Cawker City, Kan., may not be on the typical frequent flyer’s itinerary. But there’s something there that could teach a lesson.
Looming on the main drag of the tiny hamlet of 595 souls is a 9-ton monument to eccentricity – the world’s largest ball of twine.
The ball’s story began in 1953, when farmer Frank Stoeber, like thousands of his rural brethren, found it tidy and efficient to roll spare bits of sisal twine into a small ball in his barn. But over the years, instead of re-using or disposing of the twine, Frank kept rolling. By 1961, when he turned it over to the town, Stoeber had over 1,600,000 feet of twine rolled into a sphere 11 feet in diameter. He had spent hours every day, for nearly eight years, collecting, absorbing, and doing anything but using a very common, and perfectly useful commodity.
Stoeber’s creation, not to mention his obsession with creating it, may have something to teach about value, about persistence, and yes, even about frequent flyers.
Since the inception of frequent flyer programs in 1981, the practice of earning miles has grown from the pleasant perk of a few fortunate business travelers into cult-like endeavor for thousands of members (and the basis of more than one regular publication, we might add). Beginning in the 1990s, many of the most dedicated earners earned a nickname which they not only accepted, but embraced: “mileage junkie.”
WebFlyer.com, a Web site devoted exclusively to the world of miles and points, defines a mileage junkie as “a frequent flyer who obsessively accumulates miles and points, and often does not redeem many awards.” And there’s the rub: the junkie tends to hoard, and not spend.
The typical users of Webflyer.com, among them plenty of self-avowed junkies, have nearly 400,000 miles each sitting in their accounts, and 25 percent have at least 500,000 miles saved up.
They’re passionate about the miles and points game, and spend hours every week sharing strategies and triumphs with other junkies on message boards like FlyerTalk.com. They invented and continue to engage in the infamous “mileage run” – the practice of taking extra, unnecessary flights toward the end of each year in order to qualify for elite status for the following year.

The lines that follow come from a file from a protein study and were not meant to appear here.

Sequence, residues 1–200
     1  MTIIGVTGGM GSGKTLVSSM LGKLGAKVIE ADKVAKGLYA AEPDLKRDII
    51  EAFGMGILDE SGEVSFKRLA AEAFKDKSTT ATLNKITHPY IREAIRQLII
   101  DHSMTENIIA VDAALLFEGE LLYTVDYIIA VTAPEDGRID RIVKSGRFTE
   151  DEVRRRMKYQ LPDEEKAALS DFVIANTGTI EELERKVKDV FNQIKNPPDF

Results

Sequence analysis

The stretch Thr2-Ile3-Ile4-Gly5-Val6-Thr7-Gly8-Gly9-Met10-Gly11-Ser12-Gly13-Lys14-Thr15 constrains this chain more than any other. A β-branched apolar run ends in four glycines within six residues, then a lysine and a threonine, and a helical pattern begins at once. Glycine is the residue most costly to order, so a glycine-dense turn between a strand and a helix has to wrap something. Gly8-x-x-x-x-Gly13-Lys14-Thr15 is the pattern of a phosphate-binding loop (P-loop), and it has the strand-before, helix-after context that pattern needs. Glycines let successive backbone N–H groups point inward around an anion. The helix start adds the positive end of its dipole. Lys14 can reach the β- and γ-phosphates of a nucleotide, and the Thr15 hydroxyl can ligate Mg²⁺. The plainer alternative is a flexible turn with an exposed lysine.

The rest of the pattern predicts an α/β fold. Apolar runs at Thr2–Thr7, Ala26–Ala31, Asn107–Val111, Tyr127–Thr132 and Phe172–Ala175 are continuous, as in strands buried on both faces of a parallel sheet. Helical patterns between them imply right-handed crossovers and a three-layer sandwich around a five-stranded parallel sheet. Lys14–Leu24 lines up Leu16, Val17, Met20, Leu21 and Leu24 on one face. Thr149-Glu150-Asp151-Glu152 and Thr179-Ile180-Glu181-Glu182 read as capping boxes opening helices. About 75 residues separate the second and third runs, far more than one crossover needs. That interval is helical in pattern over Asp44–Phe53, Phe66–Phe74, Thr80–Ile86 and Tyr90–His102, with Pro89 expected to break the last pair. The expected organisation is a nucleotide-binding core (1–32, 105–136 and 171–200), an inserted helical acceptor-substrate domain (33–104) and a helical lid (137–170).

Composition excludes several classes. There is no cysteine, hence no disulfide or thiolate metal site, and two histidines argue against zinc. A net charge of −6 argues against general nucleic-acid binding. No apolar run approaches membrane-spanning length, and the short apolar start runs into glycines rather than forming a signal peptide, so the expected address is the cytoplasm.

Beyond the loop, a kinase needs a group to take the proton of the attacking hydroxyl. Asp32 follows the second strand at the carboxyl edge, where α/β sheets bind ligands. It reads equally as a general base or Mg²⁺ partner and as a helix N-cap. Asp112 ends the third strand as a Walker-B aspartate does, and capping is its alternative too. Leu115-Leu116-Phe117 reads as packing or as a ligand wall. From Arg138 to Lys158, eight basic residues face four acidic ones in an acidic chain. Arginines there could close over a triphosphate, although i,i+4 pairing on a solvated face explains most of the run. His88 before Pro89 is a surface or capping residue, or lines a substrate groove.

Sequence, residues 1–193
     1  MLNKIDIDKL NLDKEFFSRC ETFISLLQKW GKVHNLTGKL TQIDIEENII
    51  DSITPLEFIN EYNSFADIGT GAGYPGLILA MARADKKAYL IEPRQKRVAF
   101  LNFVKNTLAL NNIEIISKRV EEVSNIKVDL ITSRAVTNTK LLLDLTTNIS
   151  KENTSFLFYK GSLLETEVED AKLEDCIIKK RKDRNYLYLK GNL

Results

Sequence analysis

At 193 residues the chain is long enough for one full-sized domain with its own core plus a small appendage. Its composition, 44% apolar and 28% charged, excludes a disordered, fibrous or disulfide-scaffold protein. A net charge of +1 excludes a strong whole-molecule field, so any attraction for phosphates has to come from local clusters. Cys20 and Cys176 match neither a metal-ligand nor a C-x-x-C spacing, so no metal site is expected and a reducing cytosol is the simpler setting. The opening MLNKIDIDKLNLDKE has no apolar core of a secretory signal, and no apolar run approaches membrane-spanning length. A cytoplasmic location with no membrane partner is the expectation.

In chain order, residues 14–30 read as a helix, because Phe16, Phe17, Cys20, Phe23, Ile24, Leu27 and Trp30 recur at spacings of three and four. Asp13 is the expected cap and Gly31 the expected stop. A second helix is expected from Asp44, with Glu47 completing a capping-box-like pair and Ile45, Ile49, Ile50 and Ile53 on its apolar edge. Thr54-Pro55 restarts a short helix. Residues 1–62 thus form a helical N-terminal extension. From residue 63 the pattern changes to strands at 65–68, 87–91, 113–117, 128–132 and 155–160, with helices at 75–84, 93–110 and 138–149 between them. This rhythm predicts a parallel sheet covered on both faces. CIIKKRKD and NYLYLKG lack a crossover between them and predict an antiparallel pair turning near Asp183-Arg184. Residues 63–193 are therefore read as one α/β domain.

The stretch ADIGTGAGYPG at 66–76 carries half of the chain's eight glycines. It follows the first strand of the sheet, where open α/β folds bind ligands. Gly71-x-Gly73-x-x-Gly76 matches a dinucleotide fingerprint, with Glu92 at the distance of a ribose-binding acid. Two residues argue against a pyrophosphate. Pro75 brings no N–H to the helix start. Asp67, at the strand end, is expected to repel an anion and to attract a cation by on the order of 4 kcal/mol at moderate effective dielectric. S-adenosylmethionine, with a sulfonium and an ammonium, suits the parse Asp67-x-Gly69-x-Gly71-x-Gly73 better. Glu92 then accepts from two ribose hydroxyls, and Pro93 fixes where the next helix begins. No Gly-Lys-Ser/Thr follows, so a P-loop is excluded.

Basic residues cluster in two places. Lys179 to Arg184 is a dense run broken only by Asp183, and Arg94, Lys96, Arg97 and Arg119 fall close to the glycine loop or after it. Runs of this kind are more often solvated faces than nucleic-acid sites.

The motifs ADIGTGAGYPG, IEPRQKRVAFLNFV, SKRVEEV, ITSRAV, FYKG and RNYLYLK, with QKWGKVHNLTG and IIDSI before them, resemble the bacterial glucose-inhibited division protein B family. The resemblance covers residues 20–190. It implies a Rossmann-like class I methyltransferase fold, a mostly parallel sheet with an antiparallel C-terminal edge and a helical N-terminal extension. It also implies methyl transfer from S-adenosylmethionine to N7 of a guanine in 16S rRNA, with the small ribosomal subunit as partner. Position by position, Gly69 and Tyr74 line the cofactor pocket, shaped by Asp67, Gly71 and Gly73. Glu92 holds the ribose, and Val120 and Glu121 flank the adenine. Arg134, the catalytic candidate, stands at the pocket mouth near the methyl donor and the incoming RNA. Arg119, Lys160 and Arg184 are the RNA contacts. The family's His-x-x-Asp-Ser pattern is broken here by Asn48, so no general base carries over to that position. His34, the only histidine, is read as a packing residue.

They’ll set up absurd itineraries just to earn more miles. As one FlyerTalker put it, “You know you’re a mileage junkie when you convince your family that the best available flight from Washington D.C., to any city in Florida connects in Chicago.”
And for most junkies, that’s where the obsession ends. The vast majority of mileage hobbyists burn almost as many miles as they earn every year. When you consider that the average WebFlyer user redeemed between three and four awards last year, and that the “cheapest” award ticket tends to run about 25,000 miles, even the elite flyers (who routinely rack up 100,000 miles in a year) are going through almost as many miles as they earn.
But where are the rest?
Travelers have amassed over 4 trillion miles between credit cards, hotels and airlines, according frequent-flyer guru Randy Petersen. “If everyone cashed in all their miles tomorrow, the American public could fly free for about 37 days,” he estimates.
Of these trillions, it would appear that millions seem to be stocked up in a relatively few accounts.
For some flyers, like Jeff T., the process itself is most of the fun.
“It’s not really about redeeming them,” says the consultant from Pennsylvania. “I guess I consider it like a retirement fund, but haven’t thought much about how I’d spend it. Right now, it’s about how I can get past that next 100,000-mile milestone.”
Jeff isn’t alone. Posters on FlyerTalk.com toss around their elite status and mileage-earning statistics the way football players boast about bench presses. There’s a palpable sense of one-upsmanship in the frequent flyer community, making the thought of amassing millions of miles that much more enticing.
But how much is too much? When does a hobby become an obsession?
According to some, it already has. Writer and travel expert Chris Elliott has actually called for a ban on frequent flyer miles precisely because of their addictive nature.
He recalls the experiences of two flyers. One, an information systems consultant from Denver, wanted a free ticket so badly that he went with an itinerary that called for layover in Minneapolis on the way from Albuquerque, N.M., to Orlando. Another, a project manager in California, has permanently reworked his typical route from San Francisco to Philadelphia in order to stop by Houston to collect more points.